[35] Ibid., p. 219.

[36] Ibid., p. 233.

[37] See POPPER (Karl), Conjectures and Refutations. The growth of scientific knowledge, fifth edition, London, Routledge and Kegan Paul, 1974 (first published in 1963), p. 37. I am indebted to Dario Battistella for bringing Karl Popper’s epistemology to my attention, as well as for his attentive reading of this paper. Of course, all remaining errors are of the responsibility of the author.

[38] Ibid., p. 234 (emphasis added).

[39] Ibid., p. 234.

[40] Ibid., p. 234.

[41] POPPER (Karl), Conjectures and Refutations. The growth of scientific knowledge, fifth edition, London, Routledge and Kegan Paul, 1974 (first published in 1963), p. 36.

[42] Ibid., p. 36.

[43] MUELLER (John), Retreat from Doomsday: the Obsolescence of Major War, New York, Basic Books, 1989, p. 232.

[44] Ibid., p. 6 (emphasis added). It is revealing here to see that Mueller does not claim that ‘major war has gradually moved toward final discredit’.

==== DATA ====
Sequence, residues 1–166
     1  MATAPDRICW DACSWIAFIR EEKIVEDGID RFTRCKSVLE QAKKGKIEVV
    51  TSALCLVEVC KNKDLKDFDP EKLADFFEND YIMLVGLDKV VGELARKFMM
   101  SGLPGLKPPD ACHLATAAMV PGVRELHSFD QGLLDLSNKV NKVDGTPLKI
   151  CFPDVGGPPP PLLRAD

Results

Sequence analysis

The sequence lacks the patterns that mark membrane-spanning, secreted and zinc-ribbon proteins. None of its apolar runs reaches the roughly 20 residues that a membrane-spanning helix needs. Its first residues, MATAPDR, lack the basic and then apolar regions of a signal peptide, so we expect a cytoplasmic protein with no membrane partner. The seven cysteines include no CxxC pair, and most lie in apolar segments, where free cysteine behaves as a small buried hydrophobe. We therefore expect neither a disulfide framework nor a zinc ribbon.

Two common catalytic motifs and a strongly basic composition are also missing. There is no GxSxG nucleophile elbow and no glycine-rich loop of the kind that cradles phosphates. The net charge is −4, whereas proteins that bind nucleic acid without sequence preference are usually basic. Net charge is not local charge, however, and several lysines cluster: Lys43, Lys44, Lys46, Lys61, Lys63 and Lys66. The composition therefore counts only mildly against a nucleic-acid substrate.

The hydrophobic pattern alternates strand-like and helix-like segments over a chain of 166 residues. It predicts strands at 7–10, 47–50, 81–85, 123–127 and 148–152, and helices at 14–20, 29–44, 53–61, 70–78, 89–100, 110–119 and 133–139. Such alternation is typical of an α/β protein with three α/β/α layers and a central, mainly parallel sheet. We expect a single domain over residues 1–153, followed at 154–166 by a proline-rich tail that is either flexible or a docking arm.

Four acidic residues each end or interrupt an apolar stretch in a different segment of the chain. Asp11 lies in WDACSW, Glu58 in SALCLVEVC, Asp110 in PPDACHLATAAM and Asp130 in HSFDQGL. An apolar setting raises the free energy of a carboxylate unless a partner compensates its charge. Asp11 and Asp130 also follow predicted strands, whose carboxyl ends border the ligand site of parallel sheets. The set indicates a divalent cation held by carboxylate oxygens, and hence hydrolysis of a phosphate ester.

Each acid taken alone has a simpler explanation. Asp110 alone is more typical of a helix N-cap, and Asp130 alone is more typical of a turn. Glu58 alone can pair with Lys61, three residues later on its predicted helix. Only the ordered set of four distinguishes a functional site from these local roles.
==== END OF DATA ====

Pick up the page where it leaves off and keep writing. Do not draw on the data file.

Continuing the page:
[45] Ibid., p. 221.

[46] As such, Mueller strikingly corresponds to Popper’s analysis about the vagueness of non-scientific theories: “to predict things so vaguely that the predictions can hardly fail”. See POPPER (Karl), Conjectures and Refutations. The growth of scientific knowledge, fifth edition, London, Routledge and Kegan Paul, 1974 (first published in 1963), p. 37.

[47] SIVERSON (Randolph M.), “Review: Retreat from Doomsday: The Obsolescence of Major War by John Mueller”, The American Political Science Review, Vol. 84, No. 3 (Sep., 1990), p. 1063.

[48] One major ontological criticism was made by Mearsheimer who considers the theory to be invalid because Mueller does not take into account the fact that states live in a state of anarchy, rendering the goal of economic prosperity only secondary – the desire to survive being the overriding goal and thus leading to (major) wars. See MEARSHEIMER (John), “Back to the Future: Instability in Europe after the Cold War”, International Security, Vol. 15, No. 1 (Summer 1990), p. 44.

[49] KAYSEN (Carl), “Is War Obsolete?: A Review Essay”,  International Security, Vol. 14, No. 4 (Spring, 1990), p. 47.

[50] MILLER (Linda B.), “Review: Retreat from Doomsday by John Mueller”, International Affairs, Vol. 66, no. 4 (October 1990), p. 793.

Written by: MATHIEU Xavier
Written at: Sciences Po Bordeaux
Written for: Dario Battistella
Date written: January 2010

Further Reading on E-International Relations